China launches pioneering mission to far side of moon

China says it has launched first-ever lunar probe to land on far side of the moon

China says it has launched first-ever lunar probe to land on far side of the moon

XICHANG, Dec. 8 (Xinhua) - China's Chang'e-4 lunar probe was launched in the early hours of Saturday, and it is expected to make the first-ever soft landing on the far side of the moon. Scientists have speculated about a number of uses for the far side of the moon, including setting up radio telescopes.

The Chang'e-4 lunar probe was launched on a Long March 3B rocket from the southwestern Xichang launch centre, and is expected to reach its destination sometime around the turn of the year. A Long March-3B rocket, carrying the probe including a lander and a rover, blasted off from Xichang at 2:23 a.m., opening a new chapter in lunar exploration.

"Chang´e-4 is humanity´s first probe to land on and explore the far side of the moon", said the mission´s chief commander He Rongwei of China Aerospace Science and Technology Corp, the main state-owned space contractor.

Chang'e-4 will land inside the moon's oldest, biggest, and deepest impact structure, the South Pole-Aitken (SPA) basin.

If successful, the mission would propel the Chinese space program to a leading position in one of the most important areas of lunar exploration.

Since the moon's revolution cycle is the same as its rotation cycle, the same side always faces the earth.

"Chang'e" takes its name from the goddess of the moon in Chinese mythology. Its success provided a major boost to China´s space programme. The moon's far side is also known as the dark side because it faces away from Earth and remains comparatively unknown.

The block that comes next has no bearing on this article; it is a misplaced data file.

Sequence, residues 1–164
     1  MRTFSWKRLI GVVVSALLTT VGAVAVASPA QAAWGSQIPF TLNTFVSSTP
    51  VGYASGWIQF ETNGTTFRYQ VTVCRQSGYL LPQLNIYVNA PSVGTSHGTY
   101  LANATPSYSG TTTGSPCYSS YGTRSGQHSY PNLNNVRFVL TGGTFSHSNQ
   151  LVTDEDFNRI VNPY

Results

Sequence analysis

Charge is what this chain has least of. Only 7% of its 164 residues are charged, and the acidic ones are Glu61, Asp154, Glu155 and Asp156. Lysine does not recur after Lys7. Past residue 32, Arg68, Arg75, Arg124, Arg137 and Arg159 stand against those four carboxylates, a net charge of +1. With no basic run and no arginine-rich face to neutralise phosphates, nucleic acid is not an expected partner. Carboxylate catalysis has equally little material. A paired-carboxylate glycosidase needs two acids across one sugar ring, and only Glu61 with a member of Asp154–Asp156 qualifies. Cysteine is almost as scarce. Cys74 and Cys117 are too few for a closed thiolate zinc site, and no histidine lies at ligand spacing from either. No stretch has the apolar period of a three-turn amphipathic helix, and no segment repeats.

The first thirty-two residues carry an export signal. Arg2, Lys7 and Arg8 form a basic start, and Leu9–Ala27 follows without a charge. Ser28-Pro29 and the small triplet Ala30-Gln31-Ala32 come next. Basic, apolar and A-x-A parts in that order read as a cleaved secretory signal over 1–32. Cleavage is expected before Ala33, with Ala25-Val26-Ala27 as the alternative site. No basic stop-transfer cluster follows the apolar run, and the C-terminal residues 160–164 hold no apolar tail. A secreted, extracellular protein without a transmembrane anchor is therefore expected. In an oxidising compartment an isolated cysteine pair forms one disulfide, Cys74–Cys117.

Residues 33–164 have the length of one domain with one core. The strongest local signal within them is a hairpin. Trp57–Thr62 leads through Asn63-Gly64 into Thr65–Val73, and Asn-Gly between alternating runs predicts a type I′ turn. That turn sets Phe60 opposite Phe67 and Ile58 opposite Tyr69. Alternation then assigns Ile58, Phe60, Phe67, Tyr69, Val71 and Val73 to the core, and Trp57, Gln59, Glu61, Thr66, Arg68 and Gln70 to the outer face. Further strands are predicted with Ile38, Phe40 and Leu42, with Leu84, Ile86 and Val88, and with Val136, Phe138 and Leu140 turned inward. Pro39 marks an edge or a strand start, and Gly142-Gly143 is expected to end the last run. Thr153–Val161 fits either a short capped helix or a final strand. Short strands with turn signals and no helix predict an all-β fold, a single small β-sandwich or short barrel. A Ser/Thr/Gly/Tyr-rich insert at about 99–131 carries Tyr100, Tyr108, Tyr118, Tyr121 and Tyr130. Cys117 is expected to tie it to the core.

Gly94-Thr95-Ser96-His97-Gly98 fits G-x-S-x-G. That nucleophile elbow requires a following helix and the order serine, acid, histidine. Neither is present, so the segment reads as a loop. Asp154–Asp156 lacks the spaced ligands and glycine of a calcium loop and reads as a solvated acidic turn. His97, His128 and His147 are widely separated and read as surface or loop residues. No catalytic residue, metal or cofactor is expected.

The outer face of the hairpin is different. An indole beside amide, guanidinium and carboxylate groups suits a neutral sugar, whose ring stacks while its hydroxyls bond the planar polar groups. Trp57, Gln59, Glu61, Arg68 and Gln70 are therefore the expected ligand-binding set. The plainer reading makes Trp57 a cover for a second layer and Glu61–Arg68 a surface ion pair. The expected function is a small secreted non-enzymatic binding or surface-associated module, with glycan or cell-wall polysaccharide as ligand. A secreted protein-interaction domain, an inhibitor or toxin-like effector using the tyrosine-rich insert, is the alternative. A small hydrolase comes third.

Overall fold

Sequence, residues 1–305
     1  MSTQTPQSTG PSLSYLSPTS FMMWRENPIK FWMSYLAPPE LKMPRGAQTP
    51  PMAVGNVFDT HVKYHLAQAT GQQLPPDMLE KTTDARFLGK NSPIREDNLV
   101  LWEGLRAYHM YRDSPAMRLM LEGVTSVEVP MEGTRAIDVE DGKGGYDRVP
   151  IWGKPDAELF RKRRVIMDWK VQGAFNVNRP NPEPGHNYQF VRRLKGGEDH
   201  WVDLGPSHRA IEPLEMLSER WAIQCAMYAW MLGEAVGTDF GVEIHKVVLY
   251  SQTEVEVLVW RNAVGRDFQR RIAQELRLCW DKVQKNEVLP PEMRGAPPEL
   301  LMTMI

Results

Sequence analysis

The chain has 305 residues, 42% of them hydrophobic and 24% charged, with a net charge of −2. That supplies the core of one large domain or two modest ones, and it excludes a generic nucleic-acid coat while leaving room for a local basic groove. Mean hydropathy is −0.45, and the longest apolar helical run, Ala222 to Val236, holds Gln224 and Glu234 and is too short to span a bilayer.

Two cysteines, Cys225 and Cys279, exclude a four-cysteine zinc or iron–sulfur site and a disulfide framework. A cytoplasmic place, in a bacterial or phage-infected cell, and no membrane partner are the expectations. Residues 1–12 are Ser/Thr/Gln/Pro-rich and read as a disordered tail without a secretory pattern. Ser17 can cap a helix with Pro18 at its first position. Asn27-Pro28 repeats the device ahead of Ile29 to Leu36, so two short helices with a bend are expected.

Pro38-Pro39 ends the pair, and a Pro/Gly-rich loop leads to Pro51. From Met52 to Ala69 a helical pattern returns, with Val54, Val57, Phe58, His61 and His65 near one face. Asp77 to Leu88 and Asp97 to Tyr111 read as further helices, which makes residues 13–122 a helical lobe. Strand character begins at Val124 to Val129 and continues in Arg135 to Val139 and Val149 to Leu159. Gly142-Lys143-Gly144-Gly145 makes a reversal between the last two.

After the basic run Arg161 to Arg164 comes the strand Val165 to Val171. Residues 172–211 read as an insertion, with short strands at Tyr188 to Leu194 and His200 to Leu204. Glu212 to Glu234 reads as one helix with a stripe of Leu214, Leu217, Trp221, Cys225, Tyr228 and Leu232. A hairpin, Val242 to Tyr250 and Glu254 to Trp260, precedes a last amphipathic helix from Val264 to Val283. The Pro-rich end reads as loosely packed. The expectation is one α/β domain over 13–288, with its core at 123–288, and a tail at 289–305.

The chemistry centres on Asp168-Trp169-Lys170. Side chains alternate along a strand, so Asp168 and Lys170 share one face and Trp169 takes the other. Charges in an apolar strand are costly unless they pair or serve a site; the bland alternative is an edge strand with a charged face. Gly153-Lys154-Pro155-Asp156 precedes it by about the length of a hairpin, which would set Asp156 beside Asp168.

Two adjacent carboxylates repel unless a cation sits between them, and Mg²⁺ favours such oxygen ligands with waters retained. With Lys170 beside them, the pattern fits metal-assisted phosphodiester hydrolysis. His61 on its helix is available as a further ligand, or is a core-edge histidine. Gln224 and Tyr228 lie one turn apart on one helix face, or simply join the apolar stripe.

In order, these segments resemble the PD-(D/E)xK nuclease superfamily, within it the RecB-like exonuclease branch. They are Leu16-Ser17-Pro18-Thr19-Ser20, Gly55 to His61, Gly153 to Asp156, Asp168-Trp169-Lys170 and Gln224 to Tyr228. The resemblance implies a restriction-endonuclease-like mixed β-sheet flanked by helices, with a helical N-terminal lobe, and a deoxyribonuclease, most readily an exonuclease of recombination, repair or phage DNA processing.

The mission also demonstrates China's growing ambitions as a space power to rival Russian Federation, the European Union and the U.S.

Three scientific and technological experiments, designed by Chinese universities, will also be carried out during the mission.

To solve this problem, the Chinese team launched a satellite into the L2 Lagrange point-one of the five points in a two-body system where the gravitational pull from both bodies nullifies the net effect enough for an object to be stable in that space without tumbling away into space.

As a solution, China in May blasted the Queqiao ("Magpie Bridge") satellite into the moon's orbit, positioning it so that it can relay data and commands between the lander and earth. It is the world's first communication satellite operating in that orbit, according to CNSA.

The rover is scheduled to observe the possibilities for sustaining plant life and seek potential water sources in the previously unexplored expanse, as well as conduct astronomical experiments aided by the far-side's natural shielding from Earth's electromagnetic waves. The earth's and moon's gravity balances the orbital motion of the satellite and makes it very fuel-efficient.